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Frequently Asked Questions

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What is “compounding”?

In general, compounding is a practice in which a licensed pharmacist, upon a physicians’ prescription order, combines, mixes, or alters ingredients of a drug to create a medication tailored to the needs of an individual patient. A health care provider will prescribe a compounded drug when commercially available products do not meet your needs. Preparing a paste or suspension from crushed tablets is one example of compounding. Likewise, adding flavoring to medication is also compounding.

How does my medical provider play a role in compounding?

Many medical providers are aware of the practice of compounding, and they may work with your local compounding pharmacy to provide the right medication for you. Talk to your pharmacist or doctor today if you feel that a compounded prescription may be a better way to manage a health condition for you or your family member.

Are compounded prescriptions covered by insurance?

Some health insurance plans cover compounded medications. Check with your insurance company to see if you have coverage. Many pharmacies are able to bill insurance companies directly for compounded medications. If unable to bill your insurance company, you may submit a claim form to your insurance company to reimburse you directly. Depending on the nature of the product, these medications may be just as affordable as your conventional prescriptions. Pharmacies are also willing to work with patients who wish to pay out-of-pocket on pricing.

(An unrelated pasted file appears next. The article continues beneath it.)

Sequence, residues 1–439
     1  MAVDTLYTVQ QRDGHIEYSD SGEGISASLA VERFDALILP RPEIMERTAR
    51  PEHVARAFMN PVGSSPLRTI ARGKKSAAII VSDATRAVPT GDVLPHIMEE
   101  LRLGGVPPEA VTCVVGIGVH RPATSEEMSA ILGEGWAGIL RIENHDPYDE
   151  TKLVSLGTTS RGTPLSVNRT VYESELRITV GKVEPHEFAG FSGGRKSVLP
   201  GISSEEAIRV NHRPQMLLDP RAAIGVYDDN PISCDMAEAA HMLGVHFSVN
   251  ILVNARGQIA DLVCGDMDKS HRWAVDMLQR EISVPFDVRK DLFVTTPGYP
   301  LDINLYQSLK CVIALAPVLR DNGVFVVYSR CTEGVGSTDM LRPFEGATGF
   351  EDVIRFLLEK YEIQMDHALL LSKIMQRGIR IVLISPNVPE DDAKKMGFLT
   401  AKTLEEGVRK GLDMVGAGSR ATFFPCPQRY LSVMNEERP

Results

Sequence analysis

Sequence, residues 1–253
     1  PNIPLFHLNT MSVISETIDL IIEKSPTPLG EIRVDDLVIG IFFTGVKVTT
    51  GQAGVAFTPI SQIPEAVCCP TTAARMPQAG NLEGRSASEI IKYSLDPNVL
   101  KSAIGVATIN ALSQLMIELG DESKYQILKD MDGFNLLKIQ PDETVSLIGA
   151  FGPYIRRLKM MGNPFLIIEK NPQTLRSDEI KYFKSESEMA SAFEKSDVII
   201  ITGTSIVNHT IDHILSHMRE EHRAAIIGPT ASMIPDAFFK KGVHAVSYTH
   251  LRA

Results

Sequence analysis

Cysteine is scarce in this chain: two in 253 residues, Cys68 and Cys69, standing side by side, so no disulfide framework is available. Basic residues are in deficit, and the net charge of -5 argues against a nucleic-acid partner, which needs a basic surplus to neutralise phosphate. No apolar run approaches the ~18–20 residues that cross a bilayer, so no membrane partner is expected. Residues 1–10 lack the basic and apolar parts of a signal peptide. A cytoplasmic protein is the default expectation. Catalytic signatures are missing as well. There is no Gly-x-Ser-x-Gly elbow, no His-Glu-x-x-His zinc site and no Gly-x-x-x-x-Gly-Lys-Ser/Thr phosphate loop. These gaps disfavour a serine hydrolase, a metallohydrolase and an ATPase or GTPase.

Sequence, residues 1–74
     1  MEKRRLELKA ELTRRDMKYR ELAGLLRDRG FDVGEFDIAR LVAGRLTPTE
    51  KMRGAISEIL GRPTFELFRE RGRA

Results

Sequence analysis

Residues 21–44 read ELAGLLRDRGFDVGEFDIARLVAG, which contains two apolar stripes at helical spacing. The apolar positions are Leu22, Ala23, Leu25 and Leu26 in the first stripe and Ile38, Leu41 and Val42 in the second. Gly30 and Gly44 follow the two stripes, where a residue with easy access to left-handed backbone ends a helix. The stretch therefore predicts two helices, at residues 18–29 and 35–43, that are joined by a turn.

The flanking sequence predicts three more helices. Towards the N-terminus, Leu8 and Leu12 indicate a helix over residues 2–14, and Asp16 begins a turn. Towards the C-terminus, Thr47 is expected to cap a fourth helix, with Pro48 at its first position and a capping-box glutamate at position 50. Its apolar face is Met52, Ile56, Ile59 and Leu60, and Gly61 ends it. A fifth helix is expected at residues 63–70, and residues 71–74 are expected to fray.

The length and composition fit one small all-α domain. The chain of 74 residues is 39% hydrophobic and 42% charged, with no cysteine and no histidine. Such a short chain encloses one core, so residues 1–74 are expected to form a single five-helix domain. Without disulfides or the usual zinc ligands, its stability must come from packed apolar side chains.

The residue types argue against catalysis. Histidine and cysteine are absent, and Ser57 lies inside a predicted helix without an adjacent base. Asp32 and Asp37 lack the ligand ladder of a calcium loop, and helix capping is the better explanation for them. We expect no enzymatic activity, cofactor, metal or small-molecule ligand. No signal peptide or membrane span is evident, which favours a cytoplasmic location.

What makes compounded medications different from commercially available medications?

Mass-produced, commercially available drugs are manufactured by drug companies for the general population with no specific patient in mind. Compounded medications are ordered by a physician and individually prepared by a compounding pharmacy in the exact strength, dosage and formulation to meet your unique medical needs. For example:

  • Oral liquids can be compounded for those patients who have difficulty swallowing tablets and capsules.
  • Ingredients such as dyes, preservatives or gluten are sometimes excluded from medications due to allergies or other sensitivities.
  • Custom flavor enhancers or sweetening agents can be added to mask bitter or otherwise unpleasant oral products for human and veterinary patients.
  • Multiple medications can often be combined into a single dosage or made into sustained-release capsules.
  • Cellulose capsules are available for patients who do not want to take a gelatin capsule.
  • Many medications can be formulated into topical preparations (gels, creams, lotions, sprays, and foams) to allow direct absorption through the skin and to avoid certain unwanted side effects.
  • Troches (dosage form that dissolves under the tongue), lollipops and suppositories are other medication forms that may be prepared to meet your unique needs.

Does a compounding pharmacist have special training?

All pharmacists are taught in pharmacy school how to properly compound medications, and many compounding pharmacists have advanced training after pharmacy school graduation. Compounding pharmacists utilize their unique pharmacy skills, knowledge, and creativity to work with you and your prescriber to prepare medication in a dosage form that has been customized to your particular needs.

Is a prescription required for a compounded medication?

Yes, a prescription order from a physician is required for the pharmacist to compound your medication to meet your specific needs.

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